• The SCT is related to the criterion, but not quite the same: it's a measure of how well subjects can produce ideas of what to do rather than how well they can interpret what other people have done.
  • Bad
    • The SCQ is too opaque to seperate out the parts with criterion overlap.
    • The SEL has significant criterion overlap.
    • The DANVA has criterion overlap, although it's much more specific that the related SRS scales.

Overview of variables

Counts of missing values:

(.apply sb (λ (sum (.isnull it))))
I value
date 0
sex 0
age.exact 0
grade 0
language 0
ethnicity 2
parentage1 1
parentage2 6
sibling# 0
otherkids 0
otheradults 0
parent1.ed 0
parent1.emp 0
parent2.ed 5
parent2.emp 5
residence 1
income 2
parent.rel.stat 0
famhist 21
famhist2 33
prev.int.num 0
srs_awareness 0
srs_cognition 0
srs_communication 0
srs_motivation 0
srs_mannerisms 0
srs_total 0
sios_pos.prop 4
sios_neg.prop 4
sios_low.prop 4
sct1_total 0
sct2_total 0

The DV:

(dotplot (+ ($ sb srs_cognition) ($ sb srs_awareness)))

srs_cogaware.png

Looks good except for the two particularly low points. Unfortunately, I don't think there's much we can do about them. It might be worth redoing analyses without those subjects to see how they change.

(valcounts ($ sb sex))
I value
Female 9
Male 35

Not great variability, but probably still worth including.

(dotplot ($ sb age.exact) .5)

ages.png

Reasonable variability, reasonable shape.

(valcounts ($ sb grade))
I value
1 1
3 4
4 6
5 11
6 6
7 4
8 6
9 5
10 1

Probably largely redundant with age, but we could try including it anyway. The variability and shape are good.

(valcounts ($ sb language))
I value
English 44

No variability to speak of.

(valcounts ($ sb ethnicity))
I value
Caucasian 37
African American 1
Asian/Asian American 0
Hispanic/Latino 2
Native American 0
Mixed 2
N/A 2

We could code it as white vs. everything else:

(valcounts (= ($ sb ethnicity) "Caucasian"))
I value
False 7
True 37

That might be worth something, although it's still lopsided.

(dotplot (.append ($ sb parentage1) ($ sb parentage2)))

univar-parentage1.png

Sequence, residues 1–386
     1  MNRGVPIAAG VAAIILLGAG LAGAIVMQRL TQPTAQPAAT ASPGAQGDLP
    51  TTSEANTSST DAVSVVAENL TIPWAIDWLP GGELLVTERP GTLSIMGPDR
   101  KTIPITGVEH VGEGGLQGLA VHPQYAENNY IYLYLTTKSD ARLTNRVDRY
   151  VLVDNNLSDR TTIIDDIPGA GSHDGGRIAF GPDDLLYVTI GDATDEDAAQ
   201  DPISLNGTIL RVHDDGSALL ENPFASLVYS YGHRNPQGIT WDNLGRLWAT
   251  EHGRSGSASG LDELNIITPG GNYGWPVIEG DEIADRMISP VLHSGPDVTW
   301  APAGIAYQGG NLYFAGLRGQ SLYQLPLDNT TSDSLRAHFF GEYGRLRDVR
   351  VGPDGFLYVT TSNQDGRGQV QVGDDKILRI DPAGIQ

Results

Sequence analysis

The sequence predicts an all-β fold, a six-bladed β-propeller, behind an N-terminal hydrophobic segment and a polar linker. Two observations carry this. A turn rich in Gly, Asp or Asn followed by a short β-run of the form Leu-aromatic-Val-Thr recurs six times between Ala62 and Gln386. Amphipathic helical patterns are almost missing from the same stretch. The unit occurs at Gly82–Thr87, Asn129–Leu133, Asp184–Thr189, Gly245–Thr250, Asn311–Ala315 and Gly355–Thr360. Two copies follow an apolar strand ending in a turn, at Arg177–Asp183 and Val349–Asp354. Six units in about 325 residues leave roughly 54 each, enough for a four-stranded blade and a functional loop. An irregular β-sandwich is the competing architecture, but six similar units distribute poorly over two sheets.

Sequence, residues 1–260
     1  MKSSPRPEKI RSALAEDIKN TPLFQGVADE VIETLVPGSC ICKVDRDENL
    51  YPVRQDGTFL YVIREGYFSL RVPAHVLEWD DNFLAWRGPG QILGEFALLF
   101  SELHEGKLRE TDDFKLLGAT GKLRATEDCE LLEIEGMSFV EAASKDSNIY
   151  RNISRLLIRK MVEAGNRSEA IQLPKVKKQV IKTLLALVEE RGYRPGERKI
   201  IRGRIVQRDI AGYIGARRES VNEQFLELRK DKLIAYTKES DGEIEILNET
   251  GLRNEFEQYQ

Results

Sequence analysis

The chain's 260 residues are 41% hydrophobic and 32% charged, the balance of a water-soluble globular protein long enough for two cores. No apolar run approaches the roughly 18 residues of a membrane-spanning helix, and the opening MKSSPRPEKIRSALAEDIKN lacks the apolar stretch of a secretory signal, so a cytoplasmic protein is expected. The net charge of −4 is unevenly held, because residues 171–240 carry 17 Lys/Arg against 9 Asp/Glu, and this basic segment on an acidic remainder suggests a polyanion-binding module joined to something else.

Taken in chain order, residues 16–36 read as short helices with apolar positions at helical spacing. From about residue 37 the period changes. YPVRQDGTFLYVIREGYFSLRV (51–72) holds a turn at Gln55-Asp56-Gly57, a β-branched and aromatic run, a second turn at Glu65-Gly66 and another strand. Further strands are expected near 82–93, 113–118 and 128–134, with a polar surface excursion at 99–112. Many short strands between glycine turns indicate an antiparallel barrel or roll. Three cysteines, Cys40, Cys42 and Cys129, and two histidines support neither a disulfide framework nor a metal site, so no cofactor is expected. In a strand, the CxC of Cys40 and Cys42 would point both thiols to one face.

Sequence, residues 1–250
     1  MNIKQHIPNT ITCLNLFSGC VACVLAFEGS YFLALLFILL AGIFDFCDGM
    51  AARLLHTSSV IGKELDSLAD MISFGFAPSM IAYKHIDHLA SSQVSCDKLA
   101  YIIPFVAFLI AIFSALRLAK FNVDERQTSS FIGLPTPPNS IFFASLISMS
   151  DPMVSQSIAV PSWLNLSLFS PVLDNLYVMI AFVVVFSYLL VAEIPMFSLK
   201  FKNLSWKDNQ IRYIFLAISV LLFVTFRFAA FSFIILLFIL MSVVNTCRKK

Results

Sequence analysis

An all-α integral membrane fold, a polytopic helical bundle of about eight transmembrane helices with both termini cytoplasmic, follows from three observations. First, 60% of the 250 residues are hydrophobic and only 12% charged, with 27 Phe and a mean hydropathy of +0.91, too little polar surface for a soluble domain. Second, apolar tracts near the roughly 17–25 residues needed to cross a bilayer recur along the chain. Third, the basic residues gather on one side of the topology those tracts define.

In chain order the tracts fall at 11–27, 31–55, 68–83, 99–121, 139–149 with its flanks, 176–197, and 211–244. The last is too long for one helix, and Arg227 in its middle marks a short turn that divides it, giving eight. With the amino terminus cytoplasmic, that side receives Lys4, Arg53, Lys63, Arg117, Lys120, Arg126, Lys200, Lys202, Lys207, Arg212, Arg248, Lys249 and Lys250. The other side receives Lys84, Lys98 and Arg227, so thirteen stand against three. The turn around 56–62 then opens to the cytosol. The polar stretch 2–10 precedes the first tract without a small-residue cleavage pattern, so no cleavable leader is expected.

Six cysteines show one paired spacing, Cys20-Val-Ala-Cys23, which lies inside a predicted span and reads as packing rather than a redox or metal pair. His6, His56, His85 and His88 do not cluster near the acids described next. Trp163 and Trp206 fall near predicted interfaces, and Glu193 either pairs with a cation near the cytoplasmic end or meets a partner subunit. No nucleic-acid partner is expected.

These look okay.

Parent ages are of course closely related:

(setv both-nn (.dropna (getl sb : (qw parentage1 parentage2))))
(plt.scatter ($ both-nn parentage1) ($ both-nn parentage2))
(plt.axis "scaled")
(plt.axis [20 80 20 80])

parentage-scatter.png

So, let's try the mean:

(dotplot (.mean (getl sb : (qw parentage1 parentage2)) 1))

dotplot-parentages.png

Looks good.

(valcounts ($ sb sibling#))
I value
0 12
1 15
2 12
3 1
4 4

This structure suggests a trichotomy into no siblings, 1 sibling, and 2 or more siblings, which we can encode with two dummy variables.

(valcounts ($ sb otherkids))
I value
0 43
1 1

Definitely not enough variability.

(valcounts ($ sb otheradults))
I value
0 39
1 1
2 4

Likewise.

Here's a contingency table of both parents' educations:

(pd.crosstab
  (. ($ sb parent1.ed) cat codes)
  (. ($ sb parent2.ed) cat codes))
row_0 -1 1 2 3 4 5
1 0 1 0 0 0 0
2 0 0 0 1 0 0
3 2 0 1 3 1 2
4 2 0 1 6 7 6
5 1 0 0 3 1 6

Seems pretty spread out.

(cbind
  :p1 (.append (pd.Series [0] ["N/A"]) (valcounts ($ sb parent1.ed)))
  :p2 (valcounts ($ sb parent2.ed)))
I p1 p2
N/A 0 5
Eighth grade or less 0 0
Some high school 1 1
High school graduate or GED 1 2
Some college or post-high school 9 13
College graduate 22 9
Advanced graduate or professional degree 11 14

For lack of a better idea, we can try using the higher of the two:

(setv max-ns (list (map max
  (zip (. ($ sb parent1.ed) cat codes) (. ($ sb parent2.ed) cat codes)))))
(valcounts (pd.Series (pd.Categorical.from-codes
  max-ns
  (. ($ sb parent1.ed) cat categories))))
I value
Eighth grade or less 0
Some high school 1
High school graduate or GED 0
Some college or post-high school 7
College graduate 17
Advanced graduate or professional degree 19

This suggests a dichotomous representation of whether at least one parent has a postgraduate degree.

(cbind
  :p1 (.append (pd.Series [0] ["N/A"]) (valcounts ($ sb parent1.emp)))
  :p2 (valcounts ($ sb parent2.emp)))
I p1 p2
N/A 0 5
Working full time 20 33
Working part time 9 2
Unemployed, looking for work 1 1
Unemployed, not looking for work 0 0
Stay-at-home parent 12 2